In 2001, DeLay assisted Enron in its efforts to secure deregulation legislation. Houston business lobbyist Anne Culver also sent executives at Enron and other energy firms an e-mail in March of that year stating that "Mr. DeLay is interested in what he and the other congressmen may be able to due [sic] legislatively to assist in addressing some of the issues we have" with new pollution-control rules.
DeLay's daughter, Dani Ferro, played a role in arranging access for corporations that gave money to DeLay's project and earned fees for planning fundraising events. On Oct. 10, 2001, Ferro called Enron's Washington-based lobbyists to remind them of an upcoming fundraising event in Florida. "As part of platinum sponsorship, we have the opportunity to have a dinner with Congressman DeLay either here or in Houston," said an e-mail from lobbyist Carolyn Cooney to colleague Linda Robertson. "Dani wants to know" when to schedule it, Cooney added.
Roy, the DeLay spokesman, said there was nothing unusual about DeLay's contacts with Enron, a major local employer that had not yet become notorious for accounting fraud.
Ferro, who has not been named as a target in the investigation but has turned over documents to the grand jury, declined to be quoted for this article.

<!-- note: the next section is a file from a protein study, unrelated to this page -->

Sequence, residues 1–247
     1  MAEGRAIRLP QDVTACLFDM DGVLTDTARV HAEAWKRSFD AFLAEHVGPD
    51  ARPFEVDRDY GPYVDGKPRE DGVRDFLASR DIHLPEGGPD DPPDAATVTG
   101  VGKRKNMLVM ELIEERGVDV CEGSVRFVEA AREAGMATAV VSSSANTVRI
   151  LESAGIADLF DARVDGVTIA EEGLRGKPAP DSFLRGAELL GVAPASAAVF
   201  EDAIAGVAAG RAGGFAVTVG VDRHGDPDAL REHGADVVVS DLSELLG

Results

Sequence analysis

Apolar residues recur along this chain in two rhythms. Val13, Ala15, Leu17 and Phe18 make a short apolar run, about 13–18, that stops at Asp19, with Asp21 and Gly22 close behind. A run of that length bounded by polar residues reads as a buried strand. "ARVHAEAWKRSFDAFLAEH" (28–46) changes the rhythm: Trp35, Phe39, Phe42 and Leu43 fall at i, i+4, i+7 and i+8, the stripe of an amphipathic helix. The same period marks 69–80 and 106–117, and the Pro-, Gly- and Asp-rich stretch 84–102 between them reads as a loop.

For a Republican Majority
The efforts to collect money from Enron represented a small part of DeLay's overall campaign to build a GOP majority in the Texas House. DeLay conceived of TRMPAC as a way to counter Democratic spending and pour new money from corporations and their executives into the redistricting effort.
TRMPAC's startup expenses in 2001 were covered by $50,000 in corporate money from DeLay's principal political action committee, Americans for a Republican Majority (ARMPAC). A second payment of $25,000 was made in late 2002. TRMPAC then raised $525,000 in corporate money on its own, and spent less than $70,000 on its director's salary; the rest went mostly toward fundraising, receptions, polls, candidate evaluations, voter identification and private investigations of key Democratic candidates, according to files obtained by The Post.